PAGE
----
From the W3C HTML 4.0 working draft:
    Every resource available on the Web -- HTML document, image, video clip, program, etc. -- has an address that may be encoded by a Universal Resource Identifier, or "URI".

    URIs typically consist of three pieces:
    1. The naming scheme of the mechanism used to access the resource.
    2. The name of the machine hosting the resource.
    3. The name of the resource itself, given as a path.

One of the cantons of Switzerland. It is somewhat like a state in America, only the cantons of Switzerland have more freedom.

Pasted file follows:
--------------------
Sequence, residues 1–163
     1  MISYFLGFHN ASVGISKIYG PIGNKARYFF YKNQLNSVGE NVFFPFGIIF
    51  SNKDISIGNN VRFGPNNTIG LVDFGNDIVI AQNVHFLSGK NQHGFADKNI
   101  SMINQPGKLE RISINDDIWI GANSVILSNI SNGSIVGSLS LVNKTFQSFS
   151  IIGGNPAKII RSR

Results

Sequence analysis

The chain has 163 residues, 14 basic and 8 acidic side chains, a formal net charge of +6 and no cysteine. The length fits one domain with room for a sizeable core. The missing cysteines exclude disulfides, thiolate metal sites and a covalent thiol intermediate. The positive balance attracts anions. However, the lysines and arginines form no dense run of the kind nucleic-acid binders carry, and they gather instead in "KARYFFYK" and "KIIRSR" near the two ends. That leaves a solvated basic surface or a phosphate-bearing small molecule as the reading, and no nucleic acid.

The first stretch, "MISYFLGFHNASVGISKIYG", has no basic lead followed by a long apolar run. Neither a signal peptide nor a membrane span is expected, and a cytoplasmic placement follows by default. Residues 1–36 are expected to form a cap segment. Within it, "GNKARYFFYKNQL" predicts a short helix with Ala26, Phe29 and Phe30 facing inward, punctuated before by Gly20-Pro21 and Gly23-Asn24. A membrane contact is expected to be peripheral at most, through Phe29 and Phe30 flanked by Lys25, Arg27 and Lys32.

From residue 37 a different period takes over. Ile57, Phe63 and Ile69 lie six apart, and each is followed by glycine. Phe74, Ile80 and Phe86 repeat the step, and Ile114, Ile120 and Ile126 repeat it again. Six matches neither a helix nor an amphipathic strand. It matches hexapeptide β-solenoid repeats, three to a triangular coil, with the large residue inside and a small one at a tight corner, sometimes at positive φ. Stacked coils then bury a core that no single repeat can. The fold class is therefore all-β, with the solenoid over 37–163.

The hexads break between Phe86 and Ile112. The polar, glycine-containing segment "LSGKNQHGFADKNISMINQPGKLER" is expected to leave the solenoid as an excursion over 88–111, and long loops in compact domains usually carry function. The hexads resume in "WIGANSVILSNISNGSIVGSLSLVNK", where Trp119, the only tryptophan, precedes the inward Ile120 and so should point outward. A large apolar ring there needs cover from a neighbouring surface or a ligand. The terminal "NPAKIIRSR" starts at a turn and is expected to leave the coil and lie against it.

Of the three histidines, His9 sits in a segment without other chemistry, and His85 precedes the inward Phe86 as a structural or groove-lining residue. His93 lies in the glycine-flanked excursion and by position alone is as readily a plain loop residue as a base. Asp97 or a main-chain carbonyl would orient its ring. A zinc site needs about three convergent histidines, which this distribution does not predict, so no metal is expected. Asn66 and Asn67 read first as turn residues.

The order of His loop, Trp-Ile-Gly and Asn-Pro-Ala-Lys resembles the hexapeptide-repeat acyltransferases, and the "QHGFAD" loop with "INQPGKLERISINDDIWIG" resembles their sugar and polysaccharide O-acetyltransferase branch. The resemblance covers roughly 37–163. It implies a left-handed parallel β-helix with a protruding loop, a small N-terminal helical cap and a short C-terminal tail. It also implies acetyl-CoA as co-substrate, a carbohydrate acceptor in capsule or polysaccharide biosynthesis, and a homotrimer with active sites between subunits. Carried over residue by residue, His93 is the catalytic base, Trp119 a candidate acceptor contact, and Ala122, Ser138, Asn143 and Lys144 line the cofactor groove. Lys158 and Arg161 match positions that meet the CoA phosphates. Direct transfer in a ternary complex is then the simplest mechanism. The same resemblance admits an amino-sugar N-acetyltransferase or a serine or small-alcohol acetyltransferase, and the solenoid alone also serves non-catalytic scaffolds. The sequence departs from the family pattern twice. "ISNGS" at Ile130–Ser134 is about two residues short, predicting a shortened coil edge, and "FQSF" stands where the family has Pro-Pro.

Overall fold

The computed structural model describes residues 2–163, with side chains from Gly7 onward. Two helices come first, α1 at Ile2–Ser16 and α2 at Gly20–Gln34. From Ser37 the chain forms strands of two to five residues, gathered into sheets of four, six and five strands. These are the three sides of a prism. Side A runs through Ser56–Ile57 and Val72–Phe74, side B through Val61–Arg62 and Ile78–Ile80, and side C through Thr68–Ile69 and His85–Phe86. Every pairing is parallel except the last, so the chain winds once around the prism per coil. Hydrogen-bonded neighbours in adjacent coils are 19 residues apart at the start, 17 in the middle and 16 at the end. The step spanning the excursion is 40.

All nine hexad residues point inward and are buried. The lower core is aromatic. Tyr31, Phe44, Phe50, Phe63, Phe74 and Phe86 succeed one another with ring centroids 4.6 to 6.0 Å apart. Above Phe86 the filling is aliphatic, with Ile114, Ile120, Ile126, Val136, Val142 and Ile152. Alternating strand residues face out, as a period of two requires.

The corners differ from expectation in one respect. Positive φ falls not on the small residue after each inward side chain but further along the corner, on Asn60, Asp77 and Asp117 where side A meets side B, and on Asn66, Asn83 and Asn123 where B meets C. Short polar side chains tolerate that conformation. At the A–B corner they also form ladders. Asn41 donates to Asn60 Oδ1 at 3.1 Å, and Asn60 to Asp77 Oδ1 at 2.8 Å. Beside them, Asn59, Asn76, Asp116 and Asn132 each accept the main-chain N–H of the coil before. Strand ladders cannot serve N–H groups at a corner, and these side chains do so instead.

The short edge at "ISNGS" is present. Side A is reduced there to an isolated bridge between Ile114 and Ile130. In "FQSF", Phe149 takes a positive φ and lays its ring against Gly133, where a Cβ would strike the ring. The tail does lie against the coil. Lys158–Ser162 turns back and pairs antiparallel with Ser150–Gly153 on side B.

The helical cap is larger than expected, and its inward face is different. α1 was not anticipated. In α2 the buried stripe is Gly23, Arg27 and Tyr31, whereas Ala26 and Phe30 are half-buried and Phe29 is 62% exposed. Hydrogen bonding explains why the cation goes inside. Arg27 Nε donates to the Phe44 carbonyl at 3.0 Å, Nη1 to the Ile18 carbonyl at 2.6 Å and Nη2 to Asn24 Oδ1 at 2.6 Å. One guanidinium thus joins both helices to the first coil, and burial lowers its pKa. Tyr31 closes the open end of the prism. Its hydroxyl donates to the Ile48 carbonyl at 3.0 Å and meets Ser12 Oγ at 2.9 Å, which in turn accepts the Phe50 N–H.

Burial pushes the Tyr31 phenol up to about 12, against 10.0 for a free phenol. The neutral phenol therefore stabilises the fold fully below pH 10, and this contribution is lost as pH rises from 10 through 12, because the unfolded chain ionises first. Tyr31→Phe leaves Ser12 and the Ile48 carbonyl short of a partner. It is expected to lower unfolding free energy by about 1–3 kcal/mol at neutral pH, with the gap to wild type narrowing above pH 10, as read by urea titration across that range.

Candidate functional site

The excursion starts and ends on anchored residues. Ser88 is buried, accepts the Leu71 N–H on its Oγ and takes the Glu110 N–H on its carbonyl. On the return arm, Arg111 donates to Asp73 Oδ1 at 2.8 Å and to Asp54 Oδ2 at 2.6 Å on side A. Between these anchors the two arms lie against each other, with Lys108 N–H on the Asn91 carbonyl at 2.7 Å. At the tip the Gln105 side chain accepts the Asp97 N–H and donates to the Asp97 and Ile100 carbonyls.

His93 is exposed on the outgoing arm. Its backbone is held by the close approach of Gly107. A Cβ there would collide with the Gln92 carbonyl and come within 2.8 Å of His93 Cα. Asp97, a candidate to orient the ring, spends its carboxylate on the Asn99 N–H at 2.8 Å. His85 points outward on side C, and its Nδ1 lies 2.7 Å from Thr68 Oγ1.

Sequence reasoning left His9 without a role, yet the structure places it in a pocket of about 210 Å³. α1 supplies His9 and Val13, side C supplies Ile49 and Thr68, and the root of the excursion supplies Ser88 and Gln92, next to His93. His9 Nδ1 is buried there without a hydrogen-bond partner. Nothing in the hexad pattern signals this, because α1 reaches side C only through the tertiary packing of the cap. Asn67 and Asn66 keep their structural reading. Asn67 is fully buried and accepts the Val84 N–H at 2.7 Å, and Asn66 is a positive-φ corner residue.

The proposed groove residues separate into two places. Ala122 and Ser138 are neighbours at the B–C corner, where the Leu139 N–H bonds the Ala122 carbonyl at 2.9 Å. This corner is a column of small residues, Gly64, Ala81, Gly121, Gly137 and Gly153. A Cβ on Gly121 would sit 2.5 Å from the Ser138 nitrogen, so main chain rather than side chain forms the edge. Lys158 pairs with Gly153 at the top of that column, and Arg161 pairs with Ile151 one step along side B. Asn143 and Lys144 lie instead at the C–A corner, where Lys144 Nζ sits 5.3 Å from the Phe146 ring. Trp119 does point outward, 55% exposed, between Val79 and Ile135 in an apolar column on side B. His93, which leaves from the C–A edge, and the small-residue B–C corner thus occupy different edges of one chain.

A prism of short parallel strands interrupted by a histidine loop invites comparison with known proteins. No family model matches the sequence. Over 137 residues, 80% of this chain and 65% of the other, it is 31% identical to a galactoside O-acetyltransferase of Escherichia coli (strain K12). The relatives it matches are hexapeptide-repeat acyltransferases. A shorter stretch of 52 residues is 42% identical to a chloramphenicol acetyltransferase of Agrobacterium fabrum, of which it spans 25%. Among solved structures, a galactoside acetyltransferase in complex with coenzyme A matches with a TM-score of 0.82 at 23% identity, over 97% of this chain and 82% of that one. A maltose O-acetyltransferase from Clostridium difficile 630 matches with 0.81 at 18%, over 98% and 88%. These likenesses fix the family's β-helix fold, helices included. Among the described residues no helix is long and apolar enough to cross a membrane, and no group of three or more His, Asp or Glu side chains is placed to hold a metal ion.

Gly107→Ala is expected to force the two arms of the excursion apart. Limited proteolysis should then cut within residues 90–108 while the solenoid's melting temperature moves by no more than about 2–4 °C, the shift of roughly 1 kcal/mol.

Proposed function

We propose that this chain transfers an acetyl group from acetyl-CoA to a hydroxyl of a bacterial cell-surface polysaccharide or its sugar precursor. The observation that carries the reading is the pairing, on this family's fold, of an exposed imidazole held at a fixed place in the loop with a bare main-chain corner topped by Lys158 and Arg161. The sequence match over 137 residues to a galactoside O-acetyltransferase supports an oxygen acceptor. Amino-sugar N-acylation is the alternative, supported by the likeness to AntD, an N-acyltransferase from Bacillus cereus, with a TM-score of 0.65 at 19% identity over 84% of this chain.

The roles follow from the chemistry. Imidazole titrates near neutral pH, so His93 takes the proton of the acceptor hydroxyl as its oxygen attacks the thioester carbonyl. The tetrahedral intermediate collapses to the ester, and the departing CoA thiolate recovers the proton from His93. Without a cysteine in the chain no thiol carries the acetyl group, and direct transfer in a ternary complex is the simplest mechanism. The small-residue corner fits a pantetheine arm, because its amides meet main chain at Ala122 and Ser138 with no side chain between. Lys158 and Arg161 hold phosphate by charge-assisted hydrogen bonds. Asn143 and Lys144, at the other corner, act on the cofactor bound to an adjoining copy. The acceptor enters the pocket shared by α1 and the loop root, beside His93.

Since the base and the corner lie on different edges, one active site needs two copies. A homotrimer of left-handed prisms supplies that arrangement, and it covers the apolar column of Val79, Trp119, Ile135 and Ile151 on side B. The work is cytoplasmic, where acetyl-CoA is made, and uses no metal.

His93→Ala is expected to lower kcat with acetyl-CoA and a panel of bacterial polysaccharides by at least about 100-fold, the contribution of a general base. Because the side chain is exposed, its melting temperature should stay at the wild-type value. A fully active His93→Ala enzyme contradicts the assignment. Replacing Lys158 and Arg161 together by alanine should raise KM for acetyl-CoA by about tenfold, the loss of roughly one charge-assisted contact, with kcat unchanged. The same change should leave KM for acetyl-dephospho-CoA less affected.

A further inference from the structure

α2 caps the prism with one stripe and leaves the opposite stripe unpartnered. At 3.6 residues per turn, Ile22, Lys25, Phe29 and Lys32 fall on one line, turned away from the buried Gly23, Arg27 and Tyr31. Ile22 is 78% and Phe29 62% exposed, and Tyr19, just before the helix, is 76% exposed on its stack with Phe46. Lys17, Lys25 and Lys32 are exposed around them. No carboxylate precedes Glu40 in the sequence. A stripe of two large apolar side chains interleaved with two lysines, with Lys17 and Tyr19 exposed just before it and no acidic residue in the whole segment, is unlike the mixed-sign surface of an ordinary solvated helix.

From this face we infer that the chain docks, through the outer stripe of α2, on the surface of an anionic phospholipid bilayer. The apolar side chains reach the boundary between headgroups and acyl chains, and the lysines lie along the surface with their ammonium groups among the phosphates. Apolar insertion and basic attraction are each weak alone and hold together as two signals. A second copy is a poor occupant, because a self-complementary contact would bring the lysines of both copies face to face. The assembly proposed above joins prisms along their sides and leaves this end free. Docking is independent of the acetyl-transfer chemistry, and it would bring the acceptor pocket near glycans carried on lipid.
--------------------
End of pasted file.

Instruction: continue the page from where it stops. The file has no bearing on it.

Uniform Resource Indicator.

It's a superset of URLs that also includes URNs.

         |       |
        URN     URL

So, in common terms: URIs are sort of like URLs, but they also include URNs. Which means, they include common web addresses and other common things you can probably access with a web browser, and names that refer to something that's somewhere but we don't really specify where, let the machine do the job (understandably the latter aren't used that much yet).

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